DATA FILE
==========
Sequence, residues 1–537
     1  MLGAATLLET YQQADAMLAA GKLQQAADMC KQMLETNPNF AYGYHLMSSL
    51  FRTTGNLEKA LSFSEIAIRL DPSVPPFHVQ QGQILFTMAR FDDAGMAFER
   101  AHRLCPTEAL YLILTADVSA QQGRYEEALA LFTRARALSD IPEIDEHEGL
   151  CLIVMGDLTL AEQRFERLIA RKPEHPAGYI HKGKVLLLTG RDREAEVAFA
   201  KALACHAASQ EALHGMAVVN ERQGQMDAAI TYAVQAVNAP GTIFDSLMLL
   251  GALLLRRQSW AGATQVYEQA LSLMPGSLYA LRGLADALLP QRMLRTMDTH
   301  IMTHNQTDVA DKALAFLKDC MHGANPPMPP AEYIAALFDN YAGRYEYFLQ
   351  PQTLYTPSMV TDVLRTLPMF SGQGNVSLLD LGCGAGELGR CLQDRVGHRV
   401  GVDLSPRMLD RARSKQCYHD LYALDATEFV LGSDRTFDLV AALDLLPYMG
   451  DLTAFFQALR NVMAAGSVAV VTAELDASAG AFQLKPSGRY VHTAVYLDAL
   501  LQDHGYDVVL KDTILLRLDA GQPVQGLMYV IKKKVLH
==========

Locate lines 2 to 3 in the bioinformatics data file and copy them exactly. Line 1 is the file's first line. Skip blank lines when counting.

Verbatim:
     1  MLGAATLLET YQQADAMLAA GKLQQAADMC KQMLETNPNF AYGYHLMSSL
    51  FRTTGNLEKA LSFSEIAIRL DPSVPPFHVQ QGQILFTMAR FDDAGMAFER